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Beckets Barn B&B
Beckets Barn is a luxury eco bed and breakfast located on Romney Marsh, where you can enjoy the peace and tranquillity of Fairfield – one of the lost villages of Romney Marsh – interrupted only by the bleating of sheep and famous for the church of St Thomas Becket which has inspired artists, poets and film and television makers. There is a self-contained king-size suite with its own front door and is set apart from the main barn which means you can have as much privacy as you crave. The open plan suite has a kitchen with a full-size oven and hob, a fridge, toaster, kettle, nespresso machine and milk frother. Filtered water, milk, coffee pods, tea, hot chocolate and homemade snacks are replenished daily.
Brookland is a village and civil parish in the Shepway district of Kent, England, about five miles west of New Romney. According to the 2011 census it has a population of 479 residents (cf. 453 in 2001). It is located on the A259 road in Romney Marsh. The Parish Clerk is Judith Batt, who can be contacted as below.
Dean Court Bed & Breakfast is a Victorian farmhouse located on a working farm in the middle of Romney Marsh, near the village of Brookland. They have three ensuite guests bedrooms. Two kingsize and one double. all rooms have TV, tea and coffee making facilities and WiFi.
Hermitage Garden Cottage
Self contained rustic cottage consisting of a double bedroom, bathroom with toilet, shower and vanity sink.
Jo's cafe is located just off the A259 between New Romney and Rye. Summer opening hours are: Weekdays 8am to 3pm. Weekends & BHs 8am to 4pm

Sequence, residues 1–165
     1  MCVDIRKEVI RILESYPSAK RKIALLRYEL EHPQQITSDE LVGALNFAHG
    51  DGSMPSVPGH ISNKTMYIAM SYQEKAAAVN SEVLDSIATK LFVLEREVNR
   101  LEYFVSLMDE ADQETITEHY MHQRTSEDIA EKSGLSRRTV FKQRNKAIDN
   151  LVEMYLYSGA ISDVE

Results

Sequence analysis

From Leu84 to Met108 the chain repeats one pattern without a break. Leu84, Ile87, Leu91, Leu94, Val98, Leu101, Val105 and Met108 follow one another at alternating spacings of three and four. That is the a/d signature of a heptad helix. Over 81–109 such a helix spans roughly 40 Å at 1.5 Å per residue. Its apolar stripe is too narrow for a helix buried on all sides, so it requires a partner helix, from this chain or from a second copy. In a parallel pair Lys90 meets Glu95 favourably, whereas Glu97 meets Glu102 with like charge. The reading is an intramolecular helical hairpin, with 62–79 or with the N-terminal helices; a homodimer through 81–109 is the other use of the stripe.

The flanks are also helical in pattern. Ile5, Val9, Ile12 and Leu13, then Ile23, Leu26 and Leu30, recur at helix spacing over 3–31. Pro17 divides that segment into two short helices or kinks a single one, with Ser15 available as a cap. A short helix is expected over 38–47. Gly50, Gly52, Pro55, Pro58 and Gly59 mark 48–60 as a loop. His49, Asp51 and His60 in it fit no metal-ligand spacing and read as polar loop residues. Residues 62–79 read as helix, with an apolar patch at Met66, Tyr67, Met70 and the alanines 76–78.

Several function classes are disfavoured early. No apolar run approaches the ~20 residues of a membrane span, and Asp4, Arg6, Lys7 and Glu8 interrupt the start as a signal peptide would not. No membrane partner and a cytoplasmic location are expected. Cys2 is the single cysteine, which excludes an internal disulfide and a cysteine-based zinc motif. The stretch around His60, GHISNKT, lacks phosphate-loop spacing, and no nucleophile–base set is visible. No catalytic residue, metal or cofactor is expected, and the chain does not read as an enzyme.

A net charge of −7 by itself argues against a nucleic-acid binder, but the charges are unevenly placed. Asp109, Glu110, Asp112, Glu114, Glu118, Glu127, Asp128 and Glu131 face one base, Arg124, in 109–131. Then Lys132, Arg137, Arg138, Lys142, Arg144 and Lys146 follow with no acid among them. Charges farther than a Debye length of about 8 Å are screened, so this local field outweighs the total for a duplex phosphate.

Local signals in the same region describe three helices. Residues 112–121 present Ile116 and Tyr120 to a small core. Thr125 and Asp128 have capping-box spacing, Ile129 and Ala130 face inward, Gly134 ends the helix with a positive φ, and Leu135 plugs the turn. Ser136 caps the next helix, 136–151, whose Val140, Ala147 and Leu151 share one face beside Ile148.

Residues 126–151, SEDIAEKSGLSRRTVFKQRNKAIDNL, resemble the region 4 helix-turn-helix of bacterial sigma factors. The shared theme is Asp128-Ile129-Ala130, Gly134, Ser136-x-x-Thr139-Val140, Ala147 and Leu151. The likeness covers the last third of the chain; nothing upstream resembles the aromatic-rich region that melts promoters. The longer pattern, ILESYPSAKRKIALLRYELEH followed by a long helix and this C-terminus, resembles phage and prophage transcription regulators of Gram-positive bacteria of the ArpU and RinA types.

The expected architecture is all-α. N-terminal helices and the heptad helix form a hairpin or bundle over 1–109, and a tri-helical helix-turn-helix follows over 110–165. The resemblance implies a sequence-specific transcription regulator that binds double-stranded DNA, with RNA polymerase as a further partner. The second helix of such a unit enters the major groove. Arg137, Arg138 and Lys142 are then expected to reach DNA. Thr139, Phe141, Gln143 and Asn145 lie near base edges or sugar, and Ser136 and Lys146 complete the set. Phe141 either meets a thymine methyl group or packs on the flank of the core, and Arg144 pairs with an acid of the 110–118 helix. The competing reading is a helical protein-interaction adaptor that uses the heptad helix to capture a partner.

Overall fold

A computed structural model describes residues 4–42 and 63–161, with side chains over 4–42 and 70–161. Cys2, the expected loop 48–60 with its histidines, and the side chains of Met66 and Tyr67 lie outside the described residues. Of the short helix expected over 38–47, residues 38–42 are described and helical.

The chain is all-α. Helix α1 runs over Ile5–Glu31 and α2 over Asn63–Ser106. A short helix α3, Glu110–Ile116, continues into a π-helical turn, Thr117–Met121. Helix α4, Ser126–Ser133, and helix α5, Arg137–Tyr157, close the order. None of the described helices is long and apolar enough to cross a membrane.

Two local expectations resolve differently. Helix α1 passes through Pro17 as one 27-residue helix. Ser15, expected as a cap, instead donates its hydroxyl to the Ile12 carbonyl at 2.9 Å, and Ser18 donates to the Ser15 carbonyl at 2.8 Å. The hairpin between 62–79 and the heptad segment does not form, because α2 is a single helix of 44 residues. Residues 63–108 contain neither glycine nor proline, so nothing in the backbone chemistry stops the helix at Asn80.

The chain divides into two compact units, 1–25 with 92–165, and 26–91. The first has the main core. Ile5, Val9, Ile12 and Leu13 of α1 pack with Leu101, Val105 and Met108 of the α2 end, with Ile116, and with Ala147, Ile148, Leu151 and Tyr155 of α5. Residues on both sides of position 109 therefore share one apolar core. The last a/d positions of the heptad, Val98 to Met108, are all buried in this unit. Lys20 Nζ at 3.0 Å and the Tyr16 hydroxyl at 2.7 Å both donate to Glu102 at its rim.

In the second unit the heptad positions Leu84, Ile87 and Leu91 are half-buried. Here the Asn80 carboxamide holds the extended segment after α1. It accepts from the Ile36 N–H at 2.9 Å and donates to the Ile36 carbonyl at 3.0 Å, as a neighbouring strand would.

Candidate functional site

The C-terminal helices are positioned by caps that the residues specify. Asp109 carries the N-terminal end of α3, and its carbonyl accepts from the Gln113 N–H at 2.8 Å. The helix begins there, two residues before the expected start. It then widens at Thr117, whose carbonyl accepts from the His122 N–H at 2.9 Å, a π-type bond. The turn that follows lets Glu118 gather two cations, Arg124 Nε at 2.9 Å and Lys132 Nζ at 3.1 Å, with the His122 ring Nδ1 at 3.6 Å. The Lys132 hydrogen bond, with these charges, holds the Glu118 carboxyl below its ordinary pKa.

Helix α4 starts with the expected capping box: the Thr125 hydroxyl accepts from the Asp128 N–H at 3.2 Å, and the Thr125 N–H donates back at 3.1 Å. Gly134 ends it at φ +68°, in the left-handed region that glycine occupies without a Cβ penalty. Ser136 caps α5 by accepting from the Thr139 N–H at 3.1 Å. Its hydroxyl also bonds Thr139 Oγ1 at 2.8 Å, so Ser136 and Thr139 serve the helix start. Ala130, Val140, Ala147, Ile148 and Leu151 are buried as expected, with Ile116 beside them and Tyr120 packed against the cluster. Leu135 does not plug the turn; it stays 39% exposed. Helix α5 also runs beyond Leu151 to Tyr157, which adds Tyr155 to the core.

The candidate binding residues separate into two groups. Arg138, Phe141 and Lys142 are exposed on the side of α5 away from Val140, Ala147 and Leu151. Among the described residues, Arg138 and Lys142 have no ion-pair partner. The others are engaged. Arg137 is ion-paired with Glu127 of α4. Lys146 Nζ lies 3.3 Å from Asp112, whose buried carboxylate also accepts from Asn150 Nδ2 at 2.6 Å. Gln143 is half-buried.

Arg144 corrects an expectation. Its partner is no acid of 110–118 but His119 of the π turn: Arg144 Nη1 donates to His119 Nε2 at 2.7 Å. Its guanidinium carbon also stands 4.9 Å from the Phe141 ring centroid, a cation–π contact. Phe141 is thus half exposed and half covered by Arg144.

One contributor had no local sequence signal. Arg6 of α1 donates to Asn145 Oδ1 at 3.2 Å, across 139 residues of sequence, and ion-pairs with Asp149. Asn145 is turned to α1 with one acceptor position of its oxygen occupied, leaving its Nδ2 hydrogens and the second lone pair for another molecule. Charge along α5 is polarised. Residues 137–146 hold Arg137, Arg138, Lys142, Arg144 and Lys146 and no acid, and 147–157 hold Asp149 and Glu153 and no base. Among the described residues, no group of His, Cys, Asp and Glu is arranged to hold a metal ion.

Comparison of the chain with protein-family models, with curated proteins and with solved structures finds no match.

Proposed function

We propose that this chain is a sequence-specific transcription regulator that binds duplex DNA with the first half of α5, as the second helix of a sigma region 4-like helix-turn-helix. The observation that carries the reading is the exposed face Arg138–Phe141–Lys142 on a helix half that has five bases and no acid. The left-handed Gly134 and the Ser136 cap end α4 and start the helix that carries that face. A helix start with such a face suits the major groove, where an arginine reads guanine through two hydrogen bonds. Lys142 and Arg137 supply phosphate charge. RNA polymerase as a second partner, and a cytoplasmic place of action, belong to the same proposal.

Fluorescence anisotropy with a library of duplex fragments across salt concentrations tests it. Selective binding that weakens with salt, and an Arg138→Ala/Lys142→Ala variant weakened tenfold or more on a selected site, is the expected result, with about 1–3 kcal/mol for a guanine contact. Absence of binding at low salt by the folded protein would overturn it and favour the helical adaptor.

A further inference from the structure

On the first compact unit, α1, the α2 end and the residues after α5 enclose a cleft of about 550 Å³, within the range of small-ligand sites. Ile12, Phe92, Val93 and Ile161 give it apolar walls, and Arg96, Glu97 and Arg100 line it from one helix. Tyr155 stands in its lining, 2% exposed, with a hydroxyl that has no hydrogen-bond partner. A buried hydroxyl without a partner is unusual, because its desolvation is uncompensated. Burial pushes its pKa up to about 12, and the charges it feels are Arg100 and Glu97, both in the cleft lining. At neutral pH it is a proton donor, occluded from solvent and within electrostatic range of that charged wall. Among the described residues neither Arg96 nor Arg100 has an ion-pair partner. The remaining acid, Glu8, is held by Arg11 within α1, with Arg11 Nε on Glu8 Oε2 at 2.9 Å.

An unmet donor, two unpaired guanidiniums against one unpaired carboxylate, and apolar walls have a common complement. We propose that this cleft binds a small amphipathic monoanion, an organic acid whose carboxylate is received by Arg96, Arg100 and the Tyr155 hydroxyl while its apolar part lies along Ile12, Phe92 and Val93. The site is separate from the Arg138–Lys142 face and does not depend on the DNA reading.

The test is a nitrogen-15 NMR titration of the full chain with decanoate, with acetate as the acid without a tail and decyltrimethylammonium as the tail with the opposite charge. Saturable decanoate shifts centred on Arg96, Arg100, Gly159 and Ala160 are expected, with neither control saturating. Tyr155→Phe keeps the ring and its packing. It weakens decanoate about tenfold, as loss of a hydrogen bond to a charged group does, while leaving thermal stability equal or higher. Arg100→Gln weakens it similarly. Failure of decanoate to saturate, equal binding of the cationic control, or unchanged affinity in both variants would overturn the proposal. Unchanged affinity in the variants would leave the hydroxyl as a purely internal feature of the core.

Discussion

This pub ceased trading on 31 October 2017. The Royal Oak, an Elizabethan building of 1570, was constructed adjacent to St Augustine's Church as a dwelling for the parish clerk and sexton. It remained as such until the I8th century when Jacob Ferriss was granted a licence "that he may suffer ale to be tippled in his house, but he may not suffer ale to be tippled during divine service". A lovely old Grade II Listed village inn offering home cooked food and 4 star accommodation. It's main bar has a woodburning stove with a fine inglenook and restaurant area. There are picnic-sets in the narrow garden beyond and quaint views of the ancient church and graveyard next door. Previously known as the Yew & Ewe.
The Woolpack Inn, dating from 1410, retains many of its original features such as wattle-and-daub walls and a low, beamed ceiling. Its name comes from its popularity with `owlers'- wool smugglers - who used the inn as a base for their lucrative trade. The Woolpack is so perfectly old-fashioned that very little had to be altered when, in 1947, scenes from `The Loves of Joanna Godden' were filmed there. Located in great walking country, the Woolpack is a perfect place to stop and satisfy the thirst and appetite during a day out in the country. Excellent traditional pub food is served, with all fish and game locally sourced, and the delicious mature British beef steaks are always prepared to the individual customer’s taste. The pub has two large beer gardens with neat lawns, shrubs, hanging baskets, picnic benches and a barbecue area. Dog friendly.